Finally, there is a lack of awareness among tenants about their rights and how to report issues to their local council. Many renters are unaware of the minimum standards that their landlord must meet or are reluctant to speak out for fear of retaliation from their landlord.
The consequences of poor enforcement of private sector housing standards can be severe. Hazards in private rented accommodation can lead to serious health problems, including respiratory problems, asthma, and carbon monoxide poisoning. In some cases, these hazards can even be life-threatening. Tenants who live in hazardous accommodation are also more likely to suffer from stress and anxiety, which can impact their mental health and overall wellbeing.
The reasons for Portsmouth's poor performance become clearer when you consider information collated by the NRLA in their survey of all local authorities in England.
Firstly, Portsmouth has a high number of private rented sector (PRS) properties, PCC estimated 17,985 properties. Sadly, this confirms how weak PCC are in terms of data management or analysis. We have long argued that their estimate of 6,000 HMOs is wildly inaccurate (it is actually less than half of that on a number of measures).The 2021 census recorded 24,855 homes in the private sector and 15,507 in the social sector– considerably more than PCCs estimate. Given the large size of the rented sector here it is somewhat surprising that the local authority has zero qualified Environmental Health Officers (EHOs) whose main job is to enforce standards in the PRS, this is significantly lower than the average of three qualified EHOs per council and contrasts with Leeds which has a rental sector 3x bigger than Portsmouth, yet they have 36 qualified EHOs.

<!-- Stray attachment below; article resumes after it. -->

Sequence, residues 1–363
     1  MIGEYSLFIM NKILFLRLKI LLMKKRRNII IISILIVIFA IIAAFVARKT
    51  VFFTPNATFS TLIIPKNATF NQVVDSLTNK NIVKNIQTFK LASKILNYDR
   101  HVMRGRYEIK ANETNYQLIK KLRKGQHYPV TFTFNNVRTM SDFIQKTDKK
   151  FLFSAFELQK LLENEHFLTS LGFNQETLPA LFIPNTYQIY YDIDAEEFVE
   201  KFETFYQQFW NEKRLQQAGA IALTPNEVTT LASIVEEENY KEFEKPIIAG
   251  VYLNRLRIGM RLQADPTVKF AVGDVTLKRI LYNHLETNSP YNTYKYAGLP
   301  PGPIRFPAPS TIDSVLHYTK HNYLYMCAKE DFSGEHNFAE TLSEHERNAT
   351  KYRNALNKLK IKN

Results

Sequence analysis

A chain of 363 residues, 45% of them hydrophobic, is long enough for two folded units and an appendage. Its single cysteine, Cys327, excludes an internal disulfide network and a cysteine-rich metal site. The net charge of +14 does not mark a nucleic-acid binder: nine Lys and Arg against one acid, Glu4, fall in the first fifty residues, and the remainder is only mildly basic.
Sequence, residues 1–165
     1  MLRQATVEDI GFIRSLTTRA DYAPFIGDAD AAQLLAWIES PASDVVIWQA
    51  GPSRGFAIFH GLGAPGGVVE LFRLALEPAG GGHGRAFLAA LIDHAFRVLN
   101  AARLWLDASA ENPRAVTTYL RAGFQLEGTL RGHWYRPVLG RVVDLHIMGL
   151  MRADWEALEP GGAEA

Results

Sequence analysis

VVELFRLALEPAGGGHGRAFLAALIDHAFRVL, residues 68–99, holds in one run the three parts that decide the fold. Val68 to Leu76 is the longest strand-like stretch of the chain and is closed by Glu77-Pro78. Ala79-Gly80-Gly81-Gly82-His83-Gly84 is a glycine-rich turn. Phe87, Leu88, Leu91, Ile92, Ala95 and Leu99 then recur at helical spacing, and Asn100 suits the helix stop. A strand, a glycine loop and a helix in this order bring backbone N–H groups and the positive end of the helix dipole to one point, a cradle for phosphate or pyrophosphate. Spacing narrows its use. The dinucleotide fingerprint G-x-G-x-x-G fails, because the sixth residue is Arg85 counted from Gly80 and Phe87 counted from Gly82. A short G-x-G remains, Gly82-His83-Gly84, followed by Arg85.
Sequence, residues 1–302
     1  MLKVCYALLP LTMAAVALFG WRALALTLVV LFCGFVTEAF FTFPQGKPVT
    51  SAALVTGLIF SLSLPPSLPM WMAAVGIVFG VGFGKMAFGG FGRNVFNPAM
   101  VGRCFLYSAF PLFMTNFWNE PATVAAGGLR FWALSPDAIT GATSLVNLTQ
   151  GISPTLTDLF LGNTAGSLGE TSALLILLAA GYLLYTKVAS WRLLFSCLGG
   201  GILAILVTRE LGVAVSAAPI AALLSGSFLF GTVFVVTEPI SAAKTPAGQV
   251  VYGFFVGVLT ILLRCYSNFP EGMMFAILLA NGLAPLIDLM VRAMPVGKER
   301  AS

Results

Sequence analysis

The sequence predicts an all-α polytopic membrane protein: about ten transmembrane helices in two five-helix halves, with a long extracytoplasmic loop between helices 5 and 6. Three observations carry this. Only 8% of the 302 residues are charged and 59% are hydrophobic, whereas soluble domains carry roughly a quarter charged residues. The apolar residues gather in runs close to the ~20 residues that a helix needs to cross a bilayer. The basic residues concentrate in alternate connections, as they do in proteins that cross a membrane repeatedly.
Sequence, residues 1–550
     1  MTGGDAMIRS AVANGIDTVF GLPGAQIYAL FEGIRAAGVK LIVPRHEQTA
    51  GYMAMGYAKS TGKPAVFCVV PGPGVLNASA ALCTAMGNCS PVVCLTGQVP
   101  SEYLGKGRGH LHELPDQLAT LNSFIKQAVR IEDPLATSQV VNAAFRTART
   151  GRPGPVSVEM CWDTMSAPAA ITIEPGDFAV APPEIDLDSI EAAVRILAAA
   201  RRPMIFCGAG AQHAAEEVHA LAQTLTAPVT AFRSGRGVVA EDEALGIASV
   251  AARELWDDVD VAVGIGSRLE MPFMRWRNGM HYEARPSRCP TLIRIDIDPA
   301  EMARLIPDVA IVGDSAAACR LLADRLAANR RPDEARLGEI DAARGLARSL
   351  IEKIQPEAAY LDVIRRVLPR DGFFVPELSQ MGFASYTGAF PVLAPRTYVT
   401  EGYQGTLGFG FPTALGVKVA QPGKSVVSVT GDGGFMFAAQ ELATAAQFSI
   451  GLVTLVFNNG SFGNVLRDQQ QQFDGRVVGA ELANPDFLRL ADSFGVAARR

Moreover, the council does not have a policy of inspecting property prior to issuing mandatory HMO licenses. Additionally, there is no information on how long it takes for a typical mandatory HMO license application to be processed and issued. A spokesperson for the NRLA said, "The vast majority of councils do have an inspection policy prior to issuing a HMO licence and the majority of councils did have information on how long it takes to process a HMO licence"
The number of complaints received from tenants relating to PRS housing is also relatively high, with 316 private sector complaints received in 2020/21 (PCC surprisingly do not record social sector complaints even though this is where most complaints reported in the press originate).